The subject of motherhood is often heaped high with social and cultural expectations. When a woman takes on the role of raising children, she may find herself defined primarily by those attachments in others' eyes, regardless of how she views her own multifaceted identity. And she may decide that this dissonance calls for a creative and conscious response.

For more than a decade, Oddisee has been out here grinding. Raised in Prince George's County, Maryland, and now based in Brooklyn, he's a beatmaker by nature and a rapper when he feels the need to be. The base of his style has been the same since day one: a light touch of jazz spread over a soul-injected, golden-era hip-hop inflected foundation. At this point, producing looks to come easy to him.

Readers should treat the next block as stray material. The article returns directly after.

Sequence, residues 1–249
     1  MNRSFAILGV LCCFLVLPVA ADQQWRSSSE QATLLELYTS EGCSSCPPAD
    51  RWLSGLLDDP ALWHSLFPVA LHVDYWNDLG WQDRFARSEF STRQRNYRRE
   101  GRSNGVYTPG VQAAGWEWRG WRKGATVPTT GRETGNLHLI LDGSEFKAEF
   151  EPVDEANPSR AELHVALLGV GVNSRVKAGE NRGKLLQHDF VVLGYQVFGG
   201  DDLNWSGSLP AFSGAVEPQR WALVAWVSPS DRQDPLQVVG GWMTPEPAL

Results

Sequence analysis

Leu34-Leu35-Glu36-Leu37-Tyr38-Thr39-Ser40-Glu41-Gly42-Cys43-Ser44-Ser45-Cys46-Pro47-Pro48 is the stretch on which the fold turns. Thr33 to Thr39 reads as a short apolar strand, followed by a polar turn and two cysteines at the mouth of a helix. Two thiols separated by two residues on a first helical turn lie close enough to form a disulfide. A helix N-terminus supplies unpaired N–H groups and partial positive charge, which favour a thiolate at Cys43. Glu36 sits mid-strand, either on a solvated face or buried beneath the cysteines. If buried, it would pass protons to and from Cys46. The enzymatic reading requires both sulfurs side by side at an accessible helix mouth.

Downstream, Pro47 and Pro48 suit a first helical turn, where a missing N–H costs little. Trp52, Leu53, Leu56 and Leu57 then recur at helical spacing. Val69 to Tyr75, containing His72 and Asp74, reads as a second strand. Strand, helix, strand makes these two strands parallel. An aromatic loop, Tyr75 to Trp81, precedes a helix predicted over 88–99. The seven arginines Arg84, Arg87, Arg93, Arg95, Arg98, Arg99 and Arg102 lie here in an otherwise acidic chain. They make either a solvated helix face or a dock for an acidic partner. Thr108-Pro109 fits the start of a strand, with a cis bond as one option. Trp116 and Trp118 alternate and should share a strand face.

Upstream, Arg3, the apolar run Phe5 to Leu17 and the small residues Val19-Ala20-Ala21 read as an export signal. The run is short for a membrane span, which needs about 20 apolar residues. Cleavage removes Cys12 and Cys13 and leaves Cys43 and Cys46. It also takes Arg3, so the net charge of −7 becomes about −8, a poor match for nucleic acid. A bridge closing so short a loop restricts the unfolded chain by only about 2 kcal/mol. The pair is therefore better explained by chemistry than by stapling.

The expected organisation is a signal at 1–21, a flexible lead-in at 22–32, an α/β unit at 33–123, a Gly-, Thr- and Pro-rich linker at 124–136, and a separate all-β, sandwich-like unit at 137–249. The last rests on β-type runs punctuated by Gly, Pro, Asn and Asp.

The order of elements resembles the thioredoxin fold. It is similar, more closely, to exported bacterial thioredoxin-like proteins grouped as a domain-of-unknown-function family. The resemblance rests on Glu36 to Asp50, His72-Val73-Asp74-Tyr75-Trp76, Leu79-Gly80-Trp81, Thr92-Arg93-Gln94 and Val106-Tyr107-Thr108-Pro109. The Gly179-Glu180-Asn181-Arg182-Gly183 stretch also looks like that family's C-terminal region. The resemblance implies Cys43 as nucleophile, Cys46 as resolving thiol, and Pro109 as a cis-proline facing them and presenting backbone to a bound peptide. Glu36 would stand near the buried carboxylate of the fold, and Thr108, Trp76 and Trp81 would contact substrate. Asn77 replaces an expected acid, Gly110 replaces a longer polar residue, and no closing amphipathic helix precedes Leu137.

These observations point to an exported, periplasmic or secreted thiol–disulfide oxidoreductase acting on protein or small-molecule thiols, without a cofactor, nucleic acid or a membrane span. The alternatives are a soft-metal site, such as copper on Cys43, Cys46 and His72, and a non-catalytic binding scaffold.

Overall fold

Trump's Golf Course, Trump's Rules?

May 5, 2016
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Copyright 2016 NPR. To see more, visit http://www.npr.org/.

'The Queue' Carries On A Dystopian Lineage

May 5, 2016

In an unspecified Middle Eastern city, a doctor is drawn to and troubled by a particular patient file. The file documents the injuries of a man named Yehya, sustained after a skirmish called the Disgraceful Events. Not only are the events shrouded in mystery; Yehya himself does not know who shot him. And the doctor would have already removed the bullet, except for the fact that in that aftermath of the Disgraceful Events, the government has made it illegal to do so without a certain permit. Yehya must get that permit so the doctor can do the surgery.